• 2019-09:  “An Ordinance repealing and replacing Codified Ordinance Chapter 1185 relating to signs regulations.” Introduced by Mayor Bodnar. (First Reading – February 25, 2019) (Law Department)

Council President Saponaro stated, this will go on third reading for the April Council meeting.  Does anyone have any questions regarding this?  This is a lengthy ordinance but we have gone through it.  We have redlined it so we know what the changes are.  Anything to add on that?

There were no comments.


  • Resolution No. 2019-24, entitled, “A resolution implementing Sections 3735.65 through 3735.70 of the Ohio Revised Code, establishing and describing the boundaries of the Mayfield Village Community Reinvestment Area in the Village of Mayfield, designating a housing offer to administer the program, and creating a Community Reinvestment Housing Council and a Tax Incentive Review Council.” Introduced by Mayor Bodnar. (Administration).

Council President Saponaro stated, this is something that will be up for discussion now and discussion and vote at our next regular Council meeting.  One of the thoughts I had in the drafting was to, instead of naming any party in the Agreement, to name the position instead. You can get promoted to a different position and then you are not the housing person.  That’s what I was thinking, just to keep it generic.  Keep individual’s names out of there because at some point you may move on to a directorship or do something like that and then you are still named in the ordinance itself.  And you being Mr. Marquart, our Economic Development Manager.  Does anyone have any thoughts or questions regarding this Resolution?  Anything else people were concerned about or wanted to raise here.

There were no comments.

Council President Saponaro stated, all right.  So it looks like we’re in good shape here.  Okay.  So this will be on the agenda for voting at the next Council meeting.


  • Update on Codification Services – 2018 legislation (Walter Drane)

Mrs. Betsa stated, the 2018 legislation was received by Walter Drane and they forwarded a proof of the replacement pages to me. Diane Wolgamuth, Debbie Garbo and I are in the process of reviewing the updates and then we will be meeting to discuss any concerns.  Following that, I will contact Walter Drane and let them know if there are any required revisions to be made and then order the replacement pages.  There should be legislation by the Council meeting to accept the updates.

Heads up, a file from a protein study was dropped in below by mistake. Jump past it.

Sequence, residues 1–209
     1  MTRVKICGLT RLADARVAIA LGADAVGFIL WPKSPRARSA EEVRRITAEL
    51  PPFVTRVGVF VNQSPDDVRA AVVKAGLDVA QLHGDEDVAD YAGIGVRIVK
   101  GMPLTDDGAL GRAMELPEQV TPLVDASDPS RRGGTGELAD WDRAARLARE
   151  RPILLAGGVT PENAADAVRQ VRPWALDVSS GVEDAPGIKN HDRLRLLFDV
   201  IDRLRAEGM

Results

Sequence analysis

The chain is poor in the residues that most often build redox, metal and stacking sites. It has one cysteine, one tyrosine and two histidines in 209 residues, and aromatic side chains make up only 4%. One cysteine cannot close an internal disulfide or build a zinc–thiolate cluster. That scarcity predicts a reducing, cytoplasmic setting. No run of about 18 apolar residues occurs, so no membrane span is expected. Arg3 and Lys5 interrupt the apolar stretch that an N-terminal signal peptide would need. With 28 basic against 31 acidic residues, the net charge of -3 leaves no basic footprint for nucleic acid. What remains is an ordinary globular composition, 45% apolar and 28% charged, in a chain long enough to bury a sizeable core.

Mrs. Betsa continued, May’s Caucus which is scheduled for May 6th will be in Reserve Hall.  The Board of Elections will be setting up in this room to prepare for the election of May 7th.    On the May 7th ballot is Issue 8, the proposed zoning amendment changing the zoning classification of 6 permanent parcels on Highland Road.


  • Website Design Refresh/Improvements (WRIS Web Services – not to exceed $6,500)

Ms. Wolgamuth stated, Mr. Thomas provided Council with a memo regarding website updates and the cost for those.  He is here tonight to answer any questions if anyone has any or if anyone wants to make any comments or suggestions about improvements they would like to see on the website.

Council President Saponaro stated, okay.  Does anyone have any questions?

Mr. Meyers asked, will these updates be more user-friendly?

Mr. Thomas replied, yes.  We will be taking off the calendar and announcements, the navigation on the top and the drop down for both mobile and desktop.

Mr. Meyers stated, because there have been comments about people trying to find stuff and you have to punch your way through it.  That’s why I am asking.

Mr. Thomas stated, it’s a fairly large site.  We are almost right around 2,000 pages.  It does get filled.

Council President Saponaro asked, do we always upload our content in pdf format or do we actually put Word or other type?

Mr. Thomas replied, typically what I’ll do is I will pdf the file but then I will embed the Word in there so you can’t search.

Council President Saponaro asked, have you thought about getting something that does OCR where it’s searchable through the pdf.

Mr. Thomas replied, it won’t search pdf’s.  Those are just attachments. They’re not in the site.  So you won’t be able to search.

Council President Saponaro replied, okay.  Because you are going to the server.

Mr. Thomas stated, once you click on a pdf, you would be able to search within that.

Council President Saponaro replied, oh, I see what you are saying.   You are talking about the general search at the top?

Mr. Thomas replied, yes.

Council President Saponaro stated, okay, but once you are in it-

Mr. Thomas stated, you can search whatever content onto the site.

Council President Saponaro asked, are we going to do automatic archiving?  How does that work?  We are talking about going backwards and looking at stuff that’s there.  There’s a lot of content on there.

Mr. Thomas replied, Mary Beth has gotten the Laser fiche service.  We will be adding that link soon and that will have us back to from the beginning of our records.

Council President Saponaro stated, okay.  I am probably jumping to a different topic, but it’s related, are we making sure that every ordinance and document that is on there is not the draft form, but the actual?

Mr. Thomas replied, yes.  Final signed copies with exhibits and any other attachments.

Council President Saponaro stated, perfect. That’s great.  Do we have a historical section of the website?  Like with previous Mayors and members of Council?